The man who once manhandled John Key at Waitangi is now an adviser to the Government on Crown Māori relations.

Wikatana Popata, 29, and his older brother John were convicted in 2009 of assaulting Key, who they held responsible for the loss of Māori land and foreshore.

But in the decade since, Popata, who lives near Kaitaia with his partner and three children, has dedicated himself to a brand of activism he says begins in the home.

And last year he was invited to the Cabinet room in the Beehive, the very heart of the institution he railed against.

Advertisement

Popata said he was "young and fiery" when he and his brother grabbed at Key as he arrived at Te Tii Marae.

They had just finished research projects for their iwi Ngāti Kahu, interviewing kaumatua and kuia about their lives.

"In all their interviews we could hear the hurt and the mamae, and that's what drove us to just action it, to do what we did that day," he said.

When the pair were sentenced for the assault, they apologised to Key and to people "the length and breadth of New Zealand".

"But when will we get an apology for the illegal confiscation of our harbours, of the land taken from us?" Popata asked in court.

Just a few years later, in 2011, he was back before the court on two more assault charges, school boys who had been witnesses to a drunken Auckland robbery carried out by his cousins.

For that he was sentenced to six months' home detention.

At that point, his life could have gone either way.

Advertisement

"Then I met my partner and we had our first child. From then on I knew there was no use in being in prison so we moved back home, purchased our own house."

Popata and his partner Rangimarie own a lifestyle block where they are building papakāinga housing and marae, their own kura kaupapa Māori and further developing their business, Kina Digital.

Their three young children speak only Māori.

"They have no understanding of English. My partner and I believe that if there is strength in their foundation of Māoritanga, meaning te reo and their tikanga, then they will become the perfect product," Popata said.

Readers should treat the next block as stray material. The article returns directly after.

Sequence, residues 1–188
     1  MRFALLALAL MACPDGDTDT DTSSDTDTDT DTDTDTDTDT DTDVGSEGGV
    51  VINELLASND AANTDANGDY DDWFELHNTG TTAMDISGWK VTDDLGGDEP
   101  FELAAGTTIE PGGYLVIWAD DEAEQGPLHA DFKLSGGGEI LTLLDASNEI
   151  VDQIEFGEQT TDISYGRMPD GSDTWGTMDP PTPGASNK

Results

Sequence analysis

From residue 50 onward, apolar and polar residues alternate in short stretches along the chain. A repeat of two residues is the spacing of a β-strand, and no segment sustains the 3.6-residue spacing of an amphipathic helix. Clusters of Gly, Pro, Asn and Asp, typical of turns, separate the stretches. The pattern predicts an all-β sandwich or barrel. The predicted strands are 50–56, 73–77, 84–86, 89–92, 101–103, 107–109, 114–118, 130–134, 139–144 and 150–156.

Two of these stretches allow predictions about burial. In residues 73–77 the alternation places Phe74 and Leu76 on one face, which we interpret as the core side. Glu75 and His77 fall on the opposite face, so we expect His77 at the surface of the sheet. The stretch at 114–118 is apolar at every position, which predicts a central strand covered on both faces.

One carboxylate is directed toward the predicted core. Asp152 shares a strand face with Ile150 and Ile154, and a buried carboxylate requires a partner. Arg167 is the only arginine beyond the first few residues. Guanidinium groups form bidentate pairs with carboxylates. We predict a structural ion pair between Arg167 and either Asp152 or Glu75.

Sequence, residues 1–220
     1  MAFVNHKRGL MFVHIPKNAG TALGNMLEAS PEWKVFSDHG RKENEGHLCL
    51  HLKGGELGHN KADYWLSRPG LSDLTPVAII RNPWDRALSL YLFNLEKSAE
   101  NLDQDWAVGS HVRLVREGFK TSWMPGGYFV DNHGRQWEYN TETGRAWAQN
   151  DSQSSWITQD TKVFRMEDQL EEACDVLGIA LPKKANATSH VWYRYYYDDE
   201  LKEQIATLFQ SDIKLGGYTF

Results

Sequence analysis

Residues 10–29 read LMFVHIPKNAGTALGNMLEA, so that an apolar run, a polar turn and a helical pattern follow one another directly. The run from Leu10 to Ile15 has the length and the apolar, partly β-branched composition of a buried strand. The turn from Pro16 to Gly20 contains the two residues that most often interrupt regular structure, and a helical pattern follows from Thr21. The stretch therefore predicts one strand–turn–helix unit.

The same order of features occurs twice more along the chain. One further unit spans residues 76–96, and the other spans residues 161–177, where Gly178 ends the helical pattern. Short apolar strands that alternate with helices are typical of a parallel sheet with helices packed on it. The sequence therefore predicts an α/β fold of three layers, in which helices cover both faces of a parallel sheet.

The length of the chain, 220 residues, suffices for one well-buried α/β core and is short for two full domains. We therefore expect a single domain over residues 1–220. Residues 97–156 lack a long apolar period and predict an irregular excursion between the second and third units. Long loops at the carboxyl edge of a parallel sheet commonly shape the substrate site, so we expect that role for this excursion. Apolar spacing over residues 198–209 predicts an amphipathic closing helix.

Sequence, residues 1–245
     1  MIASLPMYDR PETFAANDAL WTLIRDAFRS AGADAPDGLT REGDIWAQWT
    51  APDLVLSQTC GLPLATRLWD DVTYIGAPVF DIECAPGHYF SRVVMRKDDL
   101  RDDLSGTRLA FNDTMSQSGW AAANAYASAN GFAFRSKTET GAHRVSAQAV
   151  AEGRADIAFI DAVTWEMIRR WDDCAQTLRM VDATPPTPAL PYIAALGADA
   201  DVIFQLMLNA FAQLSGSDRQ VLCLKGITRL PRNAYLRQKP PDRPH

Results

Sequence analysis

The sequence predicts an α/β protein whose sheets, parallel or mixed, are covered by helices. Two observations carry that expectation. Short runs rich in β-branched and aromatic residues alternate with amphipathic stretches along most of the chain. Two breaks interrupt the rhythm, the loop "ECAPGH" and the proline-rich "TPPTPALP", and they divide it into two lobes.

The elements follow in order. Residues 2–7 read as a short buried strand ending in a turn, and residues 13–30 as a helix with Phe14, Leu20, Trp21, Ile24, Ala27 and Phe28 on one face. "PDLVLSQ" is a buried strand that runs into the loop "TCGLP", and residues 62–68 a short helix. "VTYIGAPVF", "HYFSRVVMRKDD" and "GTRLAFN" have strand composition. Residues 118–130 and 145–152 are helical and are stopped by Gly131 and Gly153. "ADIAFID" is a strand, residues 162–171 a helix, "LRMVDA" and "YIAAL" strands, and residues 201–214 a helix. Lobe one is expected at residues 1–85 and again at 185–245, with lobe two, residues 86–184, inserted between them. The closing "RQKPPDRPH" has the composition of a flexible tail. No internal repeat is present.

"True activism is what myself and my partner are doing at home, putting our money where our mouth is and teaching our kids proper te reo, tikanga, how to live, self-sustain ourselves, think entrepreneurial.

"Activism isn't just about getting up on the Harbour Bridge, protesting oil drilling; it's about developing your whānau and your hapū."

As an entrepreneurial couple, they have developed iMāori, an app that teaches te reo and tikanga. It cost them about $50,000 before they received any funding but it now has around 10,000 users with plans to develop it further.

Popata said he was asked by Māori Crown Relations Minister Kelvin Davis to become part of the advisory group after attending a hui in Kaitaia.

"I was the only one throughout of all of hui throughout Aotearoa who stood up and said 'actually, I don't really want a partnership with the Crown. Just give us the resources we need to develop and create our own economy'."

He doesn't advocate separatism, but self-determination or tino rangatiratanga.

"It's what the Māori people really want to strive for but the generation above us have been in that position all their lives, to work in with Government."

They've always depended on the Government. I'm about the real, true self-determination.

"We as Māori have got to remember that this Crown, they were once the enemy."

Even so, last year Popata, along with veteran activist Titewhai Harawira and other members of the Government's Crown Māori relations advisory panel sat alongside Prime Minister Jacinda Ardern and senior ministers in the Cabinet room.

"I think my journey in life was meant to happen," Popata said.

"I was meant to experience going through all that rubbish, hanging out with the wrong people … all the mistakes I've made. I think I was meant to do that because now I'm looking to be a teacher at our kura, and I can give those messages over to our kids."

"I can lead them in the right direction."

"Everyone makes mistakes, that's what I was taught by my father. It's okay to make a mistake but don't make that same mistake again."